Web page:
The armband that started the landmark Tinker case is on display at the Newseum in Washington, DC. The Tinker case is instrumental in establishing student freedom in a public school setting. Unfortunately, too many students take their rights for granted. Photo: Valerie Egger

This October, our staff had the chance to visit the Newseum in Washington, DC, just a few months before it closes its doors. With its closing came discussions of free speech and the importance of the press in this country.

Upon entry, we noticed a banner on the museum exterior with the hashtag #FreeAustinTice, “held captive for being a journalist since August 2012.” A former Marine, Tice went to Syria as a freelance journalist before his last year of law school. He never returned.

Tice wanted to report from inside Syria because of the lack of reliable sources—almost nothing being reported from on the ground—regarding the civil war there. He did, for several months, contributing helpful information that increased our awareness of the conflict there.

After he stopped tweeting and sending reports in August 2012, a brief video was released showing him bound and blindfolded, but no group has taken credit.

In 2018, the US State Department and FBI worked under the assumption that Tice is still alive and potentially held by Syrian government. This remains unconfirmed.

Sadly, Tice is not unique. As the Newseum showed us, journalists have been threatened and even killed for their work in uncovering the truth. But this is a true testament to human willpower: journalists are those willing to use their voice to uncover the truth, even at cost to themselves.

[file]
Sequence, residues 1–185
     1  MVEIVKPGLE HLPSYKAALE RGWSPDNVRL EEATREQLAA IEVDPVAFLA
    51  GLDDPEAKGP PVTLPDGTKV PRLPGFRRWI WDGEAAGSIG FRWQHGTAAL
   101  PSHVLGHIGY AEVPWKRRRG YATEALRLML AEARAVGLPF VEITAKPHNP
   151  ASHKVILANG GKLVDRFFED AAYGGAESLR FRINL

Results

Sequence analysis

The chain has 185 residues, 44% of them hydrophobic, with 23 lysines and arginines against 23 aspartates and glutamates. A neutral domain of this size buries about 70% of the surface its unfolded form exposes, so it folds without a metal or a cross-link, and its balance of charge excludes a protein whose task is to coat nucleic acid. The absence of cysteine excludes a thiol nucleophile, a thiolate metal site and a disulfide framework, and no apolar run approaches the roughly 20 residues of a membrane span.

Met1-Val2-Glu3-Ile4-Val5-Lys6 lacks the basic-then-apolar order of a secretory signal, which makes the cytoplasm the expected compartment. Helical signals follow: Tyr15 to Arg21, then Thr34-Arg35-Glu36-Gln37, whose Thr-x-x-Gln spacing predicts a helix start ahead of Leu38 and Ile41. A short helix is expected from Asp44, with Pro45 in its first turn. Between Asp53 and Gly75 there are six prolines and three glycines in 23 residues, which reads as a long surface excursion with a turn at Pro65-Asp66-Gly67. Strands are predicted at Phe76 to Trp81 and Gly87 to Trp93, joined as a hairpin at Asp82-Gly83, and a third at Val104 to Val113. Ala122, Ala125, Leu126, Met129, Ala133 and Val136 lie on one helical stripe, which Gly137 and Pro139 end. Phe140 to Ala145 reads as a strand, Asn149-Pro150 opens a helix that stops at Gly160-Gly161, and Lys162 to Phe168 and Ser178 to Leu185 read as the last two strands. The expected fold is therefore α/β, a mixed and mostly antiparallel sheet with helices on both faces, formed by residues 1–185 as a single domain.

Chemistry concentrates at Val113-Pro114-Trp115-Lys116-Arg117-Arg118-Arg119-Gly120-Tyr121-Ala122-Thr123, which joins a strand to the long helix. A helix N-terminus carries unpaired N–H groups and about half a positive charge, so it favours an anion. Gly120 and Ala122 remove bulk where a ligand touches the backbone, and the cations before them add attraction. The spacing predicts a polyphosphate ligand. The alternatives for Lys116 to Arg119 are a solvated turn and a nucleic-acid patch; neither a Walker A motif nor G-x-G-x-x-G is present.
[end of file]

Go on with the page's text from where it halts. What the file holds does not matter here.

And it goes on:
One of the startling displays in the Newseum was a map of free press in the world. The US, thankfully, was in the “green,” showing that we—like a few other nations—have the power to express the truth. Sadly, this power does not extend to much of the world.

Without a free press, there is no one to question the decisions of those in power. Without a free press, government is left unchecked, the oppressed have no voice, and change for the better is unlikely to occur.

We are fortunate to live in the nation with the most freedom of the press. We have access to all sorts of information. Too often, we see people our age—and even older—taking their freedoms for granted, distracted instead by Instagram or games and ignorant of the news. And we are always on our phones.

Our challenge to you is to spend some of your swiping time reading the news instead.

We are fortunate enough to live exposed to the free flow of news. It’s time we take advantage of that and help journalists, some of whom risk their lives, fulfill their purpose of informing the public.